One area of Plan S which continues to evolve is the Rights Retention Strategy (RRS) which requires authors who aren’t publishing in a Plan S compliant gold or transformative hybrid path to assert the retention of their rights, a claim which could conflict and would, in accordance with the assertion, trump a contractual agreement signed at a later point in the publication process. Authors understandably might seek guidance from editorial staff on the journal’s policy regarding Rights Retention as well as the language in a journal agreement itself. Sitting at this important juncture, it’s wise for editorial staff to track developments and assist in author communications.
Editors can bookmark the Rights Retention section of the cOAlitionS website to track the latest developments. In brief, this policy requires that authors “retain sufficient intellectual property rights to comply with their Open Access requirements” and that either the Author Accepted Manuscript (AAM) or the Version of Record (VoR) be immediately available with either a CC-BY or, upon exception, a CC-BY license or equivalent. To facilitate this process, the cOAlition has contacted publishers asking for the modification of agreements to allow this to happen. For authors submitting to publications that don’t meet Plan S criteria (open or transformative), there is a letter that authors can use stating “Author Accepted Manuscripts arising from submissions they receive from researchers funded by a cOAlition S Organisation will already be licensed under a public license, or that beneficiaries and their authors are bound by a prior obligation to provide such a public license to their AAMs or VoRs.”
One recent development on the RRS front is the increasing adoption of Institutional Author Rights Retention Policies (IARRP). Through this mechanism authors grant their institution a “non-exclusive, irrevocable worldwide license” (https://www.coalition-s.org/blog/reviewing-the-rights-retention-strategy-a-pathway-to-wider-open-access/) to make their article available in the institutional repository irrespective of where their funding comes from. Editors might urge authors to learn more about their own institutional policies.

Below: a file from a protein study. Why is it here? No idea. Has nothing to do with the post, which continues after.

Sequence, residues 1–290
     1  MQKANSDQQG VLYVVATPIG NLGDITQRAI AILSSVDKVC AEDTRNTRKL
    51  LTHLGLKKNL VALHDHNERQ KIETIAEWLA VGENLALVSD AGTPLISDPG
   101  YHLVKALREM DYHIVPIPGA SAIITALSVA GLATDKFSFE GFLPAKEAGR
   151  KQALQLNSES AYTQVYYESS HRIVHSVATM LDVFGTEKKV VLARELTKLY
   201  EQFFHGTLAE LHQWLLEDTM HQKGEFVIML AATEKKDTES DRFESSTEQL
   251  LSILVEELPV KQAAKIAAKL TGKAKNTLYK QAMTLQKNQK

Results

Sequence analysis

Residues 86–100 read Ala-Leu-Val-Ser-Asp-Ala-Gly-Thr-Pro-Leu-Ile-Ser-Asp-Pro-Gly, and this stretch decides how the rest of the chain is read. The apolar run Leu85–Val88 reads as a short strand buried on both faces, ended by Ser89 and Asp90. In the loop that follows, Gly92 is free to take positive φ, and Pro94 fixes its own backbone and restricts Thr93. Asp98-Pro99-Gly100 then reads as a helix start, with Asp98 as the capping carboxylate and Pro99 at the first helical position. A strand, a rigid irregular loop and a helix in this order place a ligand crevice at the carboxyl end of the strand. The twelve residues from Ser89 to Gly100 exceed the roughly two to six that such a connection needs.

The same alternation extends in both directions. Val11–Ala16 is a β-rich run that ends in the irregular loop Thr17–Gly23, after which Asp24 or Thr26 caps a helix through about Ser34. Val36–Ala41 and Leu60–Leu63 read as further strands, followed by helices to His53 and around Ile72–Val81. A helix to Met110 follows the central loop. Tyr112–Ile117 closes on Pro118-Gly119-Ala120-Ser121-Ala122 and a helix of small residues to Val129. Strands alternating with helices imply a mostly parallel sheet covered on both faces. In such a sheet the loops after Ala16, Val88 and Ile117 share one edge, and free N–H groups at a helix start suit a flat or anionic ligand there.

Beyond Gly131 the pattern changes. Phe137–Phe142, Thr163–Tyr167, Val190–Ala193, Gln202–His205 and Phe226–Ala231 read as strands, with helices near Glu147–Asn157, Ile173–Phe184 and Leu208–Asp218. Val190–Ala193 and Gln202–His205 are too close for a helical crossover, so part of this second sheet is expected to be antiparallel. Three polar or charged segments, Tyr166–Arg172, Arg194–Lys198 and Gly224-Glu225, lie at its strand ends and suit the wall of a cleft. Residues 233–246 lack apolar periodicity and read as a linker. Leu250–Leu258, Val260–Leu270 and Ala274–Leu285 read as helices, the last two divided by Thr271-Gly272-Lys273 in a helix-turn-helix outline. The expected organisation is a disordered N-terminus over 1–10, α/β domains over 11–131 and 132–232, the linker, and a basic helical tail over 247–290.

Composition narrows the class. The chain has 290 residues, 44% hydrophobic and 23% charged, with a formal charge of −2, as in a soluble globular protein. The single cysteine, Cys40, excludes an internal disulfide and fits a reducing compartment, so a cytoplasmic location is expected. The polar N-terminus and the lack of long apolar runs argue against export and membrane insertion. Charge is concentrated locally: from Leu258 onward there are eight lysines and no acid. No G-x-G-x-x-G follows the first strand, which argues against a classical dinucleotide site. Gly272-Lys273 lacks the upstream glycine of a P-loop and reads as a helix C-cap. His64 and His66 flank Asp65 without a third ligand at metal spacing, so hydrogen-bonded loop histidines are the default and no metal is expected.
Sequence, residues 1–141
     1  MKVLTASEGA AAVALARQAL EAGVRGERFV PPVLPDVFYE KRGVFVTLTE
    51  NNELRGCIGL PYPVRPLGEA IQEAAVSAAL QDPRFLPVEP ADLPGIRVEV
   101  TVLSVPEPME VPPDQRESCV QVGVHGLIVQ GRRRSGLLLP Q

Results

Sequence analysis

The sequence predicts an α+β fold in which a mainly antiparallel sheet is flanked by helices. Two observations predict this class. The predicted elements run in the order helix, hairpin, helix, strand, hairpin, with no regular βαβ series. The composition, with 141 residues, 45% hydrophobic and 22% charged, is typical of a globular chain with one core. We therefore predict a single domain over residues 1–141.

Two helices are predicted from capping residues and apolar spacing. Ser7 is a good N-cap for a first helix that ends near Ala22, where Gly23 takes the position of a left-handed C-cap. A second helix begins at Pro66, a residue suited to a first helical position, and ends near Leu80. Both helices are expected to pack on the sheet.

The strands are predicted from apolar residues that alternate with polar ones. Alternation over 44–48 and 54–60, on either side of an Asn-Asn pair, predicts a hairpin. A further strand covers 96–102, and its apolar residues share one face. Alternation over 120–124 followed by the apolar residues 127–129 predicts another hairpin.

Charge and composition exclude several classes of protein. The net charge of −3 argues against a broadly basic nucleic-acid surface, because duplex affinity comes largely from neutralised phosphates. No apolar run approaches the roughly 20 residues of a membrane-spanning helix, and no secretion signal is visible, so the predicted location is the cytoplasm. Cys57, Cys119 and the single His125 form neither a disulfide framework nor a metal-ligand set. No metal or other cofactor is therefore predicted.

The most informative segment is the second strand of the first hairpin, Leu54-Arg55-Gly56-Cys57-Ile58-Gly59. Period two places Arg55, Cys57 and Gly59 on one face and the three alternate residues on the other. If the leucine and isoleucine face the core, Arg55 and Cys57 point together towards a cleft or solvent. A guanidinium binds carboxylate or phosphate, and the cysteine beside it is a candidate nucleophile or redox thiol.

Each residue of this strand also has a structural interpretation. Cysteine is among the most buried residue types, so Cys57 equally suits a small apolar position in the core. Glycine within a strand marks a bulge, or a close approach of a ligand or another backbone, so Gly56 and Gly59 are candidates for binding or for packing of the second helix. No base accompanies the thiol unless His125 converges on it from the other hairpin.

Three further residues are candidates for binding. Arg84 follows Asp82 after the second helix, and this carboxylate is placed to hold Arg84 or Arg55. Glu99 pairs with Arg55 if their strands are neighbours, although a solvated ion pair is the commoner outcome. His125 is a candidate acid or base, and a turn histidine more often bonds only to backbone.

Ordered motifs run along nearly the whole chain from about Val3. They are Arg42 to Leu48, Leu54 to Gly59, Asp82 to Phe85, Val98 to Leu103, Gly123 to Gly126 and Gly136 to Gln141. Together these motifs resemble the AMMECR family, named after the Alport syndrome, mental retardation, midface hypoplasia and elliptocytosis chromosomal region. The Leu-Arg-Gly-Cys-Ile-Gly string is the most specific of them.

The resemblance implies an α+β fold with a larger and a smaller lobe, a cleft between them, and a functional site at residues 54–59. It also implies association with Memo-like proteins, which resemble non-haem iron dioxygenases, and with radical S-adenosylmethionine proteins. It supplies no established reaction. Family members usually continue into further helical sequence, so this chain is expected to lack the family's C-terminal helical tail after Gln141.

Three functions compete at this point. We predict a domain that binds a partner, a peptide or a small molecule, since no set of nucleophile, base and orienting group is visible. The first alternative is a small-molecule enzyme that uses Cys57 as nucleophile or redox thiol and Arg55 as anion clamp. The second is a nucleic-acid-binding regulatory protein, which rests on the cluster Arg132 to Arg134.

Launched in late September 2022, the Plan S Journal Comparison Service was created for libraries to understand how publisher fees and services might compare across the scholarly ecosystem. Those libraries and consortia that participate on various Open Access (OA) agreements can sign the terms of service and gain access to information on time to publication, Article Processing Charges (APCs), and subscription information deposited by publishers. Intended to stimulate a more transparent understanding of how services might differ, this tool should help libraries assess their OA negotiation strategies.
In the spring of 2021, my company Delta Think delved into the topic of Transformative Journals (TJ), publications which have actively committed to become fully OA journals. (We hope to update this report shortly.) Such journals may be part of a portfolio of a publisher who is entering into Transformative Agreements (Read + Publish, Publish + Read, and more) or they may exist outside of such agreements. The “transformative” part of this movement refers to money previously used to support subscription arrangements being shifted to support Article Publication Charges instead.
Transformative Journals (TJs) need to meet specific criteria to be acceptable for Plan S funding. These are “an annual increase in the Open Access proportion of at least 5% points in absolute terms and at least 15% in relative terms, year-on-year” (across three years) and a commitment to flip to OA once 75% of articles are open. Over this time, the journal must also adjust subscription payments to avoid double-dipping.
Transformative Agreements are a very new model, and past performance is not a predictor of future success, but looking at data over the course of the three years prior, some findings were notable. We looked at 2266 journals across twelve publishers to see how requirements were met. Historically, the number of papers published across all the journals was growing at half the rate needed to maintain their TJ status. Only a dozen journals met the TJ criteria for the last three years, but one-third did meet them for at least one year out of the three. Only about twenty met the 75% OA article benchmark for flipping to OA. Over time, the absolute criteria is the tougher one to meet for journals starting with lower OA uptake. Moving forward, we’ll certainly see publishers intervene to promote OA publishing routes. The biggest challenge ultimately may be timing, as Plan S plans to end support at the end of 2024. Publishers will be faced with big choices to make moving forward.